Published: 21st May 2018
How Bengaluru-based freelance content writers are helping 'struggling academic students’
Most of the requests, according to a consultant are from Australia, UK, US and New Zealand. While 70% of the projects are from B-school students, the rest come in from engineering students
Suresh Nair (name changed), has just completed his bachelors in finance from a prestigious city college. He owes his degree to his dissertation writer, without whom he says he wouldn’t have been able to graduate.
“The reason I got into finance was because my dad is in the banking sector, and obviously my family expected me to do the same. My main interest was music, and wanted to pursue that but my family wanted me to have some sort of professional degree before I got into music full-time. I just wanted to get done with the degree, but this meant having to do the thesis, which I really couldn’t get myself to,” says Suresh, a recent graduate, who gave three of his assignments to a consultancy here in Bengaluru which cost between `750-1,500 for each subject.
It’s no secret that theses and dissertations are a time-consuming process and college-going students can’t wait to get them done with. Meeting deadlines can be stressful for these students, added to the fact that grades matter not just to them, but their parents as well. This is where freelance content writers are cashing in by taking up the role to help ‘struggling academic students’.
These content writers are paid based on the number of words and are either college students themselves from other colleges or full-time content writers between the age group of 20 to 28. Twenty one-year-old Chandini Shah has just completed her degree and has been into content writing since the last year of her college. “It’s easy pocket money for me since I receive anywhere between ` 350-2,000 twice a week,” says the former journalism student. She got into content writing after getting in touch with a content writing group on Facebook. “I just put up a post that I was interested in this work, and people from across the country connected with me,” she adds.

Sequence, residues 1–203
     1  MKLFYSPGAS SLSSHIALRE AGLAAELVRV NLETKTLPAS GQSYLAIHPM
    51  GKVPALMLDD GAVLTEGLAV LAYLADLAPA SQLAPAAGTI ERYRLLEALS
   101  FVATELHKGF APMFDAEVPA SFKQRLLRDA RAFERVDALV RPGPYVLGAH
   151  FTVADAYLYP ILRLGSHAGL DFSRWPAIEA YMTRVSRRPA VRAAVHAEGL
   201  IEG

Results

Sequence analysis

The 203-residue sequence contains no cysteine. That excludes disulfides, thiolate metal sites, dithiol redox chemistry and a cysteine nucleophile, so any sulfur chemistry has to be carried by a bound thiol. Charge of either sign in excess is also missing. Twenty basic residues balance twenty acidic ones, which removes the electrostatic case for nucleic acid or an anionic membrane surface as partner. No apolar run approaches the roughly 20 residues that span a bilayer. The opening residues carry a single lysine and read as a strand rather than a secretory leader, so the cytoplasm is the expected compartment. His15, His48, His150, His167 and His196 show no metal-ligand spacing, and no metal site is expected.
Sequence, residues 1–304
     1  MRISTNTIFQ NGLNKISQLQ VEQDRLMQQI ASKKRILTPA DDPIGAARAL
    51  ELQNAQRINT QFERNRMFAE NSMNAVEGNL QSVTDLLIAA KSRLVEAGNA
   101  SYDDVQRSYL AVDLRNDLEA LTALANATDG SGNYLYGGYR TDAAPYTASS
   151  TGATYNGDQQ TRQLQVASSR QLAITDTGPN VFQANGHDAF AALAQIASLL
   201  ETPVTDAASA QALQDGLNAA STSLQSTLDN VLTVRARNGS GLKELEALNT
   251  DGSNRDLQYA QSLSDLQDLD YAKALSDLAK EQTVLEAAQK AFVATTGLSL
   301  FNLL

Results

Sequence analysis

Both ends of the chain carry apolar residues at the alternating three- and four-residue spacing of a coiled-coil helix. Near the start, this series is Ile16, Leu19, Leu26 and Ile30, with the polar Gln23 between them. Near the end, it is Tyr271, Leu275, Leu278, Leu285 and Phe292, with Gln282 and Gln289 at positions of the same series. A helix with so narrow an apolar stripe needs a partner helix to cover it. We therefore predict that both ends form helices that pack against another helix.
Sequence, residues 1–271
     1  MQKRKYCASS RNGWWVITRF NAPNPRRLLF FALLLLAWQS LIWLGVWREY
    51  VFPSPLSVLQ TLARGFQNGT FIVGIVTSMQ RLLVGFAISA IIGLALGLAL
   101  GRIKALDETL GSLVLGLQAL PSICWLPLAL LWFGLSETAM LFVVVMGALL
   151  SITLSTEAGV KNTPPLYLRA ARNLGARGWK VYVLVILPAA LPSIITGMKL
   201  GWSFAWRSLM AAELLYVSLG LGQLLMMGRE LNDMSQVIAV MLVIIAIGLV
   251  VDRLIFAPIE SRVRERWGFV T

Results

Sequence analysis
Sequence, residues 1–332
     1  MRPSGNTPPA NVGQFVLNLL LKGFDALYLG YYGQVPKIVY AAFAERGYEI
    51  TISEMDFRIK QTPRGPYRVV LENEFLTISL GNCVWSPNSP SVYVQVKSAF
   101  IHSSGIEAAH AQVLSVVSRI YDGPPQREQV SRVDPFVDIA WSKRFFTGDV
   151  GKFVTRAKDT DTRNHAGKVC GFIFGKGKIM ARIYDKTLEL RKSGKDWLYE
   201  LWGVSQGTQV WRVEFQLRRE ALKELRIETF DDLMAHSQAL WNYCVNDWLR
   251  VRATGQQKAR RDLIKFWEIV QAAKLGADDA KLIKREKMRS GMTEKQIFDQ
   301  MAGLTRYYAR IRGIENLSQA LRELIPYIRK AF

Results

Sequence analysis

The process includes a broker, who acts as the supplier of the assignments, after which the work is divided among young content writers. Aravind Suresh, a 32-year-old, has been running a consultancy company in the city for the past two-and-half-years and receives 25-30 service requests on a monthly basis from different countries. “I get around three service requests from Bengaluru, but I charge them less in comparison to projects from foreign countries,” he says. Most of the requests, according to Aravind, are from Australia, UK, US and New Zealand. While 70% of the projects are from B-school students, the rest come in from engineering students.
Aravind facilitates around 10 freelancers who are mostly college-goers or fresh graduates. For students, looking for budget theses, this works out well on the pocket, since these writers charge nominal amounts owing to their lack of experience.“Most of the student-writers are those with a humanities background. They charge anywhere between 50 paise to one rupee per word. But if they have a finance or a business background, then it’s a minimum of two rupees per word,” Aravind adds.
Aravind points out that full-time content writers are hard to find because they know academic work doesn’t provide much money. “But it works well for college students who need some pocket money. We wait till the results are out, and only if the student has passed, do we get paid. Otherwise, the content writer has to edit the work for free,” says Aravind.
It’s a high-pressure job for these fresh graduates, who are expected to deliver the thesis within tight deadlines, sometimes even within two days. Shreya George, a 22-year-old who hails from Kerala, moved to Bengaluru as a freelancer and was slammed with guidelines to follow. “The problem is when you are inexperienced, there’s more research that has to be done. We have to be careful about plagiarised content, especially since softwares such as Turnitin and Copyscape allow only five percent of copy-paste work. And all this in under a tight deadline,” she says.
The biggest grouse of content writers who adhere to these guidelines and whip up theses in a
matter of days, is delayed payment, or sometimes even non-payment. “People think that thesis work is just copying-pasting on the required topic from Wikipedia. But it’s far from the truth. The research is intense,” adds Shreya.
Chandini credits her family, who were supportive of her decision to freelance during her college days. “My family was happy because I stopped going out and partying and was doing this instead. I’m
doing actual work and research and learning from it in the process,” she says, adding, “All I need is a laptop and some amount of concentration.”